". . . Isaiah 65:20 expresses a double thought: death will have no more power and sin no more presence." [Note: Motyer, p. 530.]
"This prediction requires the conditions of an earthly city, where babies are born and older people die (even though the average lifespan is to be much prolonged)." [Note: Archer, p. 653.]
Likewise there will be abundant safety and plenty when God brings new life to the world (cf. Isaiah 17:11; Leviticus 26:16; Deuteronomy 28:15-46; Amos 5:11; Zephaniah 1:13). Again, people will live longer: longer than God’s other creations such as trees, and longer than their own "creations," such as buildings and bridges that normally outlive them (cf. Isaiah 40:6-8).
"What a promise, to have the time to do something right and then the opportunity to enjoy it to the full!" [Note: Oswalt, The Book . . . 40-66, p. 660.]
Note that people will continue to work. The blessing of work will characterize the messianic age, though people will not have to labor as they did under the curse (Genesis 3:17-19).
Life will not be futile or frustrating, labor will amount to something, and children will be born for productive lives rather than for tragedy. This is true in one sense for the Christian now (cf. Romans 8:28; 1 Corinthians 15:58), but it will be true in a larger sense for all the redeemed in the future. Isaiah identified three generations of the blessed of the Lord in this glorious future state. This reflects the truth that the basic unit of society is the male and female couple, not the individual (cf. Genesis 2:18; Genesis 2:23-24).
Perfect communication with God will be another blessing of this peaceable kingdom. Christians already enjoy good communication with Him (Matthew 6:8; 1 John 5:14-15), but in the future it will be even better.
"What greater privilege than to have a God whose love is so great that He answers before one calls to Him!" [Note: Young, 3:517.]
Another cause of present weeping that will end is nature, which is sometimes harmful. In the future, it will not be harmful because the effects of the Fall will have been erased. Nature will no longer be man’s enemy. The Lord’s curse on the snake, which has only been fulfilled figuratively so far-snakes do not literally feed on dust now but on plants and animals-will find complete fulfillment (cf. Genesis 3:14). Chisholm believed that Isaiah was not alluding to Genesis 3:14 here but was simply using the serpent as another illustration of an animal that formerly posed a danger but would not in the future. [Note: Chisholm, A Theology . . ., pp. 337-38, and Handbok on . . ., p. 136. See also the note on this verse in The NET (New English Translation) Bible.] This verse is a hint that the change will come because of the "seed of the woman" described earlier in Isaiah as the Servant, Messiah (cf. Isaiah 11:6-9).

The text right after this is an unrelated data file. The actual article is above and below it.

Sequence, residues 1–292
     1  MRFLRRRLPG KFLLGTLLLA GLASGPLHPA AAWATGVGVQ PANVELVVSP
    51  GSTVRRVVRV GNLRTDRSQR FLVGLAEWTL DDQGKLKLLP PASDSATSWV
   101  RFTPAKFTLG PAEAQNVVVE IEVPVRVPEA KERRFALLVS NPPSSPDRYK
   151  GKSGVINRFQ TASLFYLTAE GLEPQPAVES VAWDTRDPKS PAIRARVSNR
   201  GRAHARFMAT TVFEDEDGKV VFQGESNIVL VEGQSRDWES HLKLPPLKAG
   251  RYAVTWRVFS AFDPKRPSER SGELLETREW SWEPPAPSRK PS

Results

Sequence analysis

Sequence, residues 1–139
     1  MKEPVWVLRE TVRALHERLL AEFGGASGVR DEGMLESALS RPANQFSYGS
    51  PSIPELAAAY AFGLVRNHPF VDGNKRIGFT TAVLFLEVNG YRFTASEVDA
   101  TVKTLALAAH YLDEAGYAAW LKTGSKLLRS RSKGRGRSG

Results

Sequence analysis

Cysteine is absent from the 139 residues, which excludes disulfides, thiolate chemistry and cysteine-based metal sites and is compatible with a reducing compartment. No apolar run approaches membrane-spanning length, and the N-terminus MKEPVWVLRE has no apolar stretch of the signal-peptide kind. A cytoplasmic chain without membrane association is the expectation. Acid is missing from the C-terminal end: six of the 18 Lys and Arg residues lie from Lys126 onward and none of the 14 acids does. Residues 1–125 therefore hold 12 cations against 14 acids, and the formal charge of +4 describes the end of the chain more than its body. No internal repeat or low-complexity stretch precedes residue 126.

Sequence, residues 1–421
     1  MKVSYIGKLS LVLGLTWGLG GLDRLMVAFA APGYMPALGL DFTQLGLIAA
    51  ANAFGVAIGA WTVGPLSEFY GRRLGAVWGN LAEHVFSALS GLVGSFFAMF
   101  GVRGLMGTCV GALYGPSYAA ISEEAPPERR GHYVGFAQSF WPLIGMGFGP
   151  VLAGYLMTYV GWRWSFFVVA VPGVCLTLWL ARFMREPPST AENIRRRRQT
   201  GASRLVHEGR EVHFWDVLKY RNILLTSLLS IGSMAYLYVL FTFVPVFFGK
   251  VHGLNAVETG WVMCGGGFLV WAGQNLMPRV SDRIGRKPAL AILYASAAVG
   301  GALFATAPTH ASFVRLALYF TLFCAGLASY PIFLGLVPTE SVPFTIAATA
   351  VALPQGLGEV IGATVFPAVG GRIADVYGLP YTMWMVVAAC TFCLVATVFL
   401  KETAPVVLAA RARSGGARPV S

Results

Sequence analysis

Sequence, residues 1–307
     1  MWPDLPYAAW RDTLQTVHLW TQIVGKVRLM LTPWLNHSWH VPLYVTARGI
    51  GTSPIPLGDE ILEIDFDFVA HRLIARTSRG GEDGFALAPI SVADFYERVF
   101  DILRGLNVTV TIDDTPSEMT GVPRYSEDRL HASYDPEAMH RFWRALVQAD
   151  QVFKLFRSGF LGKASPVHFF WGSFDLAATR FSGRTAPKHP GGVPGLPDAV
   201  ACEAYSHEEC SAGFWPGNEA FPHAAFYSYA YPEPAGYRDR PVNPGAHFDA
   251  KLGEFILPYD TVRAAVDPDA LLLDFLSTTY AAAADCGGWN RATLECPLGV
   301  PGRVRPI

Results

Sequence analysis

"The only point in the whole of the new creation where there is no change (cf. Isaiah 65:20 fg [sic]) is in the curse pronounced on sin, which still stands (cf. Genesis 3:14)." [Note: Motyer, p. 531.]
No evil or harm will come to anyone or anything in all God’s holy kingdom (cf. Isaiah 66:22). Watts interpreted this change as indicating only the absence of violence that would follow the Jews’ return to their land after the Exile. [Note: Watts, Isaiah 34-66, p. 355.] However, this is hardly the picture of life in Jerusalem and Judah that the Books of Ezra and Nehemiah paint.
"But to what part of the history of salvation are we to look for a place for the fulfillment of such prophecies as these of the state of peace prevailing in nature around the church, except in the millennium?" [Note: Delitzsch, 2:491-92.]
Delitzsch believed in an earthly Millennium. He distinguished himself from "anti-millenarians" and "antichiliasts." [Note: Ibid., 2:492.] But he also believed that some of the prophecies regarding Israel’s future blessings have found fulfillment in the church, whereas some will yet find fulfillment in Israel.
Isaiah revealed several new things for Jerusalem in this section. Joy would replace weeping and crying (Isaiah 65:18-19). Longevity would replace sorrow and death (Isaiah 65:20-23). Answered prayer would replace God’s previous silence (Isaiah 65:24). And universal peace would replace violence (Isaiah 65:25). [Note: Dyer, in The Old . . ., p. 585.]
The kingdom in view in this passage, and in chapter 66, is not just the millennial kingdom. It is the kingdom that God will bring into existence through the redemptive work of His Servant. Since the King has come, some features of this kingdom are present in the world today. But since the King has yet to come to accomplish fully His work of redemption, many features described here will be seen after His second advent. Part of these changes will take place on this earth during the Millennium. Other changes will happen when the Lord creates completely new heavens and a new earth (Revelation 21:1). How do we know that all that Isaiah predicted is not fulfilled in the present age through the church, or in the Millennium, or in the eternal state? The New Testament provides a more specific description of which of these promises will be fulfilled when and in what ways.
"The prophet appears, therefore, to refer to that Jerusalem, which is represented in the Apocalypse as coming down from heaven to earth after the transformation of the globe. But to this it may be replied, that the Old Testament prophet was not yet able to distinguish from one another the things which the author of the Apocalypse separates into distinct periods." [Note: Delitzsch, 2:492-93.]
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Constable, Thomas. DD. "Commentary on Isaiah 65". "Dr. Constable's Expository Notes". https://www.studylight.org/
the Second Week after Epiphany